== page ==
Rychard Carrington reports on Megson and Lou Brown - The Junction, Cambridge, 9 September 2009

Junction 2, The

First we had a most personable singer-songwriter-guitarist called Lou Brown (N.B. a lady). She endeared herself right from the start by not wearing any shoes - a sure winner with all of us hippies and romantics (which surely includes most of the folk audience, really). She then announced that she was a nervous gigger, and then introduced her first song (Morning Light) as having been written as a love song for a man she had hoped to marry, who upon hearing it dropped all contact with her. Like a lot of people these days, she says 'cool' a lot, but it's obviously not cool that is the essence of her appeal.

Lou has a delicately passionate voice, which expresses her sincere feelings very well. Her guitar accompaniment has a bounce which provides some yang to offset the yin of her reflective sentiments. Her songs are quite good, the only problem with them being that she does tend to repeat lines a lot, which I found a bit boring.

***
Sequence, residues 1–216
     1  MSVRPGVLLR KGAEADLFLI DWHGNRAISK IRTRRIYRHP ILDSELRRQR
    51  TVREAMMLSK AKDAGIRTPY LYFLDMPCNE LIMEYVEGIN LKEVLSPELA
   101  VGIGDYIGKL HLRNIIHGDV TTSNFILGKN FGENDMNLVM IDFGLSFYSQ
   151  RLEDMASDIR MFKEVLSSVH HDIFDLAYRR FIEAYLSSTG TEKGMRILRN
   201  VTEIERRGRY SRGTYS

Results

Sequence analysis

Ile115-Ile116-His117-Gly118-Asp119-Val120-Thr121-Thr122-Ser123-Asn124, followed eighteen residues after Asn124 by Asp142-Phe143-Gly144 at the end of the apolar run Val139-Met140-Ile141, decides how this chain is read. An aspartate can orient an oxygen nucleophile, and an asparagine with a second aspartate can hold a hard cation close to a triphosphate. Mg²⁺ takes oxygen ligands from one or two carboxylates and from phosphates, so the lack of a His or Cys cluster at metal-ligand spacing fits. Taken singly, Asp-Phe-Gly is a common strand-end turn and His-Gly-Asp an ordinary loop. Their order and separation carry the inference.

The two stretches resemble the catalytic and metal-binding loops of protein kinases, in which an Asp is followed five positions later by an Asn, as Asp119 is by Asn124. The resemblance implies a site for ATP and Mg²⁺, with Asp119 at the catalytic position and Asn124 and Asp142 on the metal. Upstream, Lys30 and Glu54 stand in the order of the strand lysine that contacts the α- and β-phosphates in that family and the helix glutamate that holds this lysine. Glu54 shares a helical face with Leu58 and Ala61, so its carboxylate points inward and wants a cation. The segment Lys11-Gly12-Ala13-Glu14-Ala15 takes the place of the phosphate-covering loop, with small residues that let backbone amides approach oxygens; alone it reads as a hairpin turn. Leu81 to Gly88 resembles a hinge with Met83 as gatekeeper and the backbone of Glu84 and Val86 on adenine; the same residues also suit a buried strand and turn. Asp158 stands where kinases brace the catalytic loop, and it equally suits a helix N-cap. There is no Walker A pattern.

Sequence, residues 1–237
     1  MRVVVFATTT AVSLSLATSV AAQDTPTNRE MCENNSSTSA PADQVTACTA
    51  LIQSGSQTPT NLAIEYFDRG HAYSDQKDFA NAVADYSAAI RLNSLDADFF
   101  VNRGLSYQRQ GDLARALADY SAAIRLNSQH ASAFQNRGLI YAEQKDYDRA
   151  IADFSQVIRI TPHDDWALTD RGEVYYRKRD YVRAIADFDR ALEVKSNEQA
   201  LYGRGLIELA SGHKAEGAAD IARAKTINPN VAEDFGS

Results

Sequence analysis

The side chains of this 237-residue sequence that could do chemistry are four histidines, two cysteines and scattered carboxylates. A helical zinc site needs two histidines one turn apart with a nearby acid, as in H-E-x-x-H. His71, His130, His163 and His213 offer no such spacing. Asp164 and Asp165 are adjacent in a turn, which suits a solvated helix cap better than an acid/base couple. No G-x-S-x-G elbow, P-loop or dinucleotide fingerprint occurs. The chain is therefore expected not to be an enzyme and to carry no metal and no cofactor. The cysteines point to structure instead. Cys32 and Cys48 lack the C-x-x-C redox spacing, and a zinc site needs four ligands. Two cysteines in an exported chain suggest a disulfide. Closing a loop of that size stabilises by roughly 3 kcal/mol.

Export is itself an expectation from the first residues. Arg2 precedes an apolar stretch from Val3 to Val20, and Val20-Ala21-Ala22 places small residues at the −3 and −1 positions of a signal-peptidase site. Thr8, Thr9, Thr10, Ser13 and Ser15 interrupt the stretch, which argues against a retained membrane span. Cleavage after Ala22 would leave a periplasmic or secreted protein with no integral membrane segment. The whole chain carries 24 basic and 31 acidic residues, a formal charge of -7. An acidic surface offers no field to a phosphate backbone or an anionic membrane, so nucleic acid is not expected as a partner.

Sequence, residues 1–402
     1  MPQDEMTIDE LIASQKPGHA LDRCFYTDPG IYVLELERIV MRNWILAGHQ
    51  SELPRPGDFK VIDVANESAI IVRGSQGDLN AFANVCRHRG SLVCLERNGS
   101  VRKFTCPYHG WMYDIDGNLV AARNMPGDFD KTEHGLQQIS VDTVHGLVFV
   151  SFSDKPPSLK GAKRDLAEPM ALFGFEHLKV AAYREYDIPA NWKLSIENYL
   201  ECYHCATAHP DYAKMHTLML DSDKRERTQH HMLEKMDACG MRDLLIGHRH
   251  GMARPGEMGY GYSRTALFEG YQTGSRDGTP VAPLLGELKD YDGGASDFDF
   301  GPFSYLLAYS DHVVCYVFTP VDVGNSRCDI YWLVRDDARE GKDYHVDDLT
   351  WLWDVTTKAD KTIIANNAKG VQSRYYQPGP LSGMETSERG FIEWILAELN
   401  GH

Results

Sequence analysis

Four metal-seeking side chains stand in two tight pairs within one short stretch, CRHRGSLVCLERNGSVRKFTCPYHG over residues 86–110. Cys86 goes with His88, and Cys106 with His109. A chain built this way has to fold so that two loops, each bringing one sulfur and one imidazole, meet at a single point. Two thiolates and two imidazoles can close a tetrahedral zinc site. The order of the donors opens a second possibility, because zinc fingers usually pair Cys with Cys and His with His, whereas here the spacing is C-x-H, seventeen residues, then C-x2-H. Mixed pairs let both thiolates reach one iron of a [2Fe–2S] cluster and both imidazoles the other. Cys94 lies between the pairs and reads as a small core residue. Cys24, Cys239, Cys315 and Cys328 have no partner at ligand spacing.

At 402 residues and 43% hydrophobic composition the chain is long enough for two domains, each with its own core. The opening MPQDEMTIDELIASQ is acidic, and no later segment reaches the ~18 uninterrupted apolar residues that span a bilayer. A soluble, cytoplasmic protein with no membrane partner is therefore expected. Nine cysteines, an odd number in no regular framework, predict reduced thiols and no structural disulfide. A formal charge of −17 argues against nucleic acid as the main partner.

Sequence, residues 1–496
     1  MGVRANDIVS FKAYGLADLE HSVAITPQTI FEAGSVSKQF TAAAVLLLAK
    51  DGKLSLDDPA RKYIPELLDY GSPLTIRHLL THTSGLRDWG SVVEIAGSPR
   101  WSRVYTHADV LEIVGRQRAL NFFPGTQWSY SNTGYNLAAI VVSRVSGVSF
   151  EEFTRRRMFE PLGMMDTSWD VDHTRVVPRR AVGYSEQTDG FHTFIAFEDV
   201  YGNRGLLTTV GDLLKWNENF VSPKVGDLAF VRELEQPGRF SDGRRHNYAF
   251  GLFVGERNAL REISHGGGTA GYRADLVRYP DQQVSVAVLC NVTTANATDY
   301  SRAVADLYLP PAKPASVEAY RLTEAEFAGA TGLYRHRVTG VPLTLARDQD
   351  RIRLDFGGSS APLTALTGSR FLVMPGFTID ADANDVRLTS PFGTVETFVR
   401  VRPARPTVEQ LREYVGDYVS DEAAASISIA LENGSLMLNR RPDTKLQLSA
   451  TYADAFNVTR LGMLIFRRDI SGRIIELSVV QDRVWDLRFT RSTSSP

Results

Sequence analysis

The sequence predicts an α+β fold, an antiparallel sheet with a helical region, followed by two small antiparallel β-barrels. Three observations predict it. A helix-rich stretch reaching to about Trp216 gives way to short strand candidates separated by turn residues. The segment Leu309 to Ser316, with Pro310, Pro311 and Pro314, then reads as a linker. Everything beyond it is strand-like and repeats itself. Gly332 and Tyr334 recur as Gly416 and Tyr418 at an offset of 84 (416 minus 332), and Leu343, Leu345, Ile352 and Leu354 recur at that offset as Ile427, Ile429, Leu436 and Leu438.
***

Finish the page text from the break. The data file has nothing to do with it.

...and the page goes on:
Characteristically, Lou very nicely implored us to buy her album as a means of supporting her, having turned professional last week, retiring from her job as a social worker. Several purchases were indeed made during the interval. We all warmed to Lou's charm, and wished her good luck. It would be lovely if she made it big.

Debbie Hanna-Palmer of Megson wasn't barefoot, but she was wearing some nice brown boots, and a most fetching psychedelic flowery dress with glitter on it. In fact Megson do look rather like a 60s folk duo, apart from the dyed streak of blonde at the front of Stu Hanna's hair. And, indeed, on their last album in particular (see Moving Tone review), Megson would meet with the approval of the overseers of the original folk revival, with their songs of the tribulations, joys and injustices of working-class life, mostly collected from nineteenth-century souces. The strength of such material is nearly always in its unaffected humanity. It's the folksinger's role to to bring out such honest emotion in their performance; Megson do this very well.

Musically, Megson's greatest asset is their voices. Debbie's is really excellent, quite beautiful. Stu joins in for top-notch harmonies.  He also accompanies proficiently on mandola and guitar. Debbie plays whistle occasionally.

The self-penned songs of these Royston residents are good too, but I hope Megson they will continue to prioritise the traditional material, becuause traditional folk deserves to benefit from such rich treatment. It provides Megson with a distinctive niche, in an era when acoustic singer-songwriters have proliferated all over the place.

Writer: Rychard Carrington